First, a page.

Related strategies of referencing appear in Erika DeFreitas’s I am not tragically colored (after Zora Neale Hurston) (2013-2014). The nine image self-portrait series depicts DeFreitas posing directly in front of the camera holding a piece of plexiglass to her mouth, allowing her to both suspend her lips mid utterance and to reveal the curvatures of her mouth as she enunciates each syllable in “I am not tragically colored.” Each image is paired with a piece of plexiglass that has the corresponding syllable etched into it. When describing the work, DeFreitas notes that as she made the images she was thinking about race, language, the body and bell hooks’ assertion that, “words are not without meaning. They are both an action and a resistance.” Entering the work through both hooks and Neale Hurston’s texts and through DeFreitas’s empowered and declarative position renders these words as resilience, as experience, not merely as verse.
“I am not tragically colored” is a quote pulled from Zora Neale Hurston’s text How It Feels to Be Colored Me, published in 1928. While an accomplished writer and respected activist, Hurston drew criticism from several Black writers and public figures for stylistic and character choices considered by some to perpetuate discriminatory representations of Blackness in literature. DeFreitas’s embodied enunciations allow for a kind of intimate, slow reading of Neale Hurston’s words, letting them to amass possible meaning by the attention shown to every part of their form and configuration. It is a close reading that attunes us to their suggestibility – what they might mean to Neale Hurston, to her detractors, to her supporters, to DeFreitas – and leaving us to contemplate how the contours of history, race and gender are writ large across the contours of the body just as much as they are across the page.
Taking a less direct approach to textual embodiments, Tanya Lukin Linklater’s …you are judged to be going against the flow because you are insistent., Parts I and II (2017) offers a series of conversations about dance histories and education presented through dialogue and movement. The videos feature Elisa Harkins and Hanako Hoshimi-Caines (projected) and Ivanie Aubin-Malo and Ceinwen Gobert (monitor), as they reflect on their experience within the structures of formal dance, revealing personal narratives around trauma, technical expectations, challenges with training and how racialized bodies are located within certain stylistic practices. The beginning of Part I, for instance, turns to talk of particular conformities and value propositions that inform much of classical dance tradition. Throughout the videos, each dancer’s distinct movements run counter to this conformism and allude to the ways in which they negotiate their personal relationship to dance, both past and present.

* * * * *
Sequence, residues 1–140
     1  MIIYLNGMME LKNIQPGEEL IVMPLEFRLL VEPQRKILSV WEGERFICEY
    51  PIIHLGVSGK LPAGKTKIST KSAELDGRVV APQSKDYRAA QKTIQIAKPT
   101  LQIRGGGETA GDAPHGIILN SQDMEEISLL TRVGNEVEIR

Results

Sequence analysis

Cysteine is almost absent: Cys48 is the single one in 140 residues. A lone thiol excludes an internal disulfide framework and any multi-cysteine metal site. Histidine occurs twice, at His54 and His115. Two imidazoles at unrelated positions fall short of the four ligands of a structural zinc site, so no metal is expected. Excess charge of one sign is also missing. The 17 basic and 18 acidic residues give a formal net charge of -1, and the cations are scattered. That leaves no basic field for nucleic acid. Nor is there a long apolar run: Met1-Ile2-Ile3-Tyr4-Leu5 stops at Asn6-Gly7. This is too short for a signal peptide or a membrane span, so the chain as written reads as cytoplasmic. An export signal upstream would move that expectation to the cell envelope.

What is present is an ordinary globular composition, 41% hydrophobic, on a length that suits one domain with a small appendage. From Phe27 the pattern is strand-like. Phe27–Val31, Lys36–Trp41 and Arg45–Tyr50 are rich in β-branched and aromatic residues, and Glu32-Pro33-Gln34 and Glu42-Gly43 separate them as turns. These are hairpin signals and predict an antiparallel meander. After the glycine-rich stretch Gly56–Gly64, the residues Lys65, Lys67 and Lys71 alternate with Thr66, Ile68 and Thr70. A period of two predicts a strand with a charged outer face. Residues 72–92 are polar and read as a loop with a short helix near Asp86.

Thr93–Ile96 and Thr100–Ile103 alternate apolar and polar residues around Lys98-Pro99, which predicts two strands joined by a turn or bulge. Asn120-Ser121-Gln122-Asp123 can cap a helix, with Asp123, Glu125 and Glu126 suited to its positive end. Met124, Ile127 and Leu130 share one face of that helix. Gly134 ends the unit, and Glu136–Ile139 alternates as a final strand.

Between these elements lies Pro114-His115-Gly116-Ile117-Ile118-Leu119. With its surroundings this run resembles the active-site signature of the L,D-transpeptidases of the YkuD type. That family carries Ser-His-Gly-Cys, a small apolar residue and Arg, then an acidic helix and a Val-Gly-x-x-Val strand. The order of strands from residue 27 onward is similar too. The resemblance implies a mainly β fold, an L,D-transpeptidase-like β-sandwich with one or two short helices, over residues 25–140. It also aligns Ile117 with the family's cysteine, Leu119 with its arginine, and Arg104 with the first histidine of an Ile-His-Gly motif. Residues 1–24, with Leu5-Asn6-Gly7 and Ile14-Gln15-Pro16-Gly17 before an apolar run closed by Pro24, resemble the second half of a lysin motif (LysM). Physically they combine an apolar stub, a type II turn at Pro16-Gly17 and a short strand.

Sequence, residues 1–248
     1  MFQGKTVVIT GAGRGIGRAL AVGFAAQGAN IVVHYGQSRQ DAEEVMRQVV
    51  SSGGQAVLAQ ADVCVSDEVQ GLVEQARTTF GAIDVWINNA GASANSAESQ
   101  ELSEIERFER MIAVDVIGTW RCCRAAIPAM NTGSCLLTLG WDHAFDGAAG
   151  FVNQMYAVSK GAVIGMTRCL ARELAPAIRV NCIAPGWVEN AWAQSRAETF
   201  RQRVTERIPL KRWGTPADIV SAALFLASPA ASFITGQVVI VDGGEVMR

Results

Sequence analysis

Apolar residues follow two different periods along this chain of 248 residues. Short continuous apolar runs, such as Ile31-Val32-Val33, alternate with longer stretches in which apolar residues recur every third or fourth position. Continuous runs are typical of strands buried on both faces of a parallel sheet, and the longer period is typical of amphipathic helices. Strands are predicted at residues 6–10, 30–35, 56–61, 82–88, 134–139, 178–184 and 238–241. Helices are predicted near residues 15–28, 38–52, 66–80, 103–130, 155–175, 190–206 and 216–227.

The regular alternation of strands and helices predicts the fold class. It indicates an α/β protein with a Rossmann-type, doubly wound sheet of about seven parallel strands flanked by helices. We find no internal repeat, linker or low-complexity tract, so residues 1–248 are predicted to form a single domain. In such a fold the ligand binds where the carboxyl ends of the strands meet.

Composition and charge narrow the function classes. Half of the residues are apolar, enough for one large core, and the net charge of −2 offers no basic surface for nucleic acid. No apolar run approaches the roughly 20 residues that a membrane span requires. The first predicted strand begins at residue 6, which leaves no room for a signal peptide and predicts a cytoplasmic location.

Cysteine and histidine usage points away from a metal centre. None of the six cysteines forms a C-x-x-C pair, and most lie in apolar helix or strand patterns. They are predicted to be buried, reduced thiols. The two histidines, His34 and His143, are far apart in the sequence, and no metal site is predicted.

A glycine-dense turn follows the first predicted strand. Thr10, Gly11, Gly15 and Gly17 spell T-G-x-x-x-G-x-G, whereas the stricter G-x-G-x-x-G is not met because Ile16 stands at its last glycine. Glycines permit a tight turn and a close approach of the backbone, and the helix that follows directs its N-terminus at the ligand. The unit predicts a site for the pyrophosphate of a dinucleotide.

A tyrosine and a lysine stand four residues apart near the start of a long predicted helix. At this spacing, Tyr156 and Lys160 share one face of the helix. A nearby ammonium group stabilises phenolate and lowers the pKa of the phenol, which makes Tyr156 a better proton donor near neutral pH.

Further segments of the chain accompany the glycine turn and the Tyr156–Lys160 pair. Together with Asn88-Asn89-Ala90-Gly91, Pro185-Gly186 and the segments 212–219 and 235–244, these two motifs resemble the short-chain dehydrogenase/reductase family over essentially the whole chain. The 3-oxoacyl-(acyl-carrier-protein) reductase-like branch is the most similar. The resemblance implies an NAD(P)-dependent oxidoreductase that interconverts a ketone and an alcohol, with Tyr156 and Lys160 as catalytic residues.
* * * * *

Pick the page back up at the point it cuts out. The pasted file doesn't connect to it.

The dancer’s movements appear at times improvised and at others more choreographed, echoing the shifts in tone of the utterances being shared on screen. Their movements seem to operate as a transcription of the interview, so that we read their words through their bodies. When silence appears, as it does intermittently in Part I and entirely in Part II, dance itself serves as form of speech. …you are judged to be going against the flow because you are insistent’s entanglements of bodies and dialogue and transferals in rhythm supports an opening into the experiences of the dancers, one that is both a lure and an invitation to listen and see with intention.
Shared between all of the works within this exhibition is that the language of movement proposes alternate vocabularies that re-orient our understandings, attuning us towards deeper empathies and contemplations. These works also connect along their framing of gender and race, pointing towards the intimate associations between bodies, experiences, conversations, texts and histories that inform how we relate to one another and to our selves. Within and between these connective strands, the body as textual vessel resists erasure and allows for a way to be written in.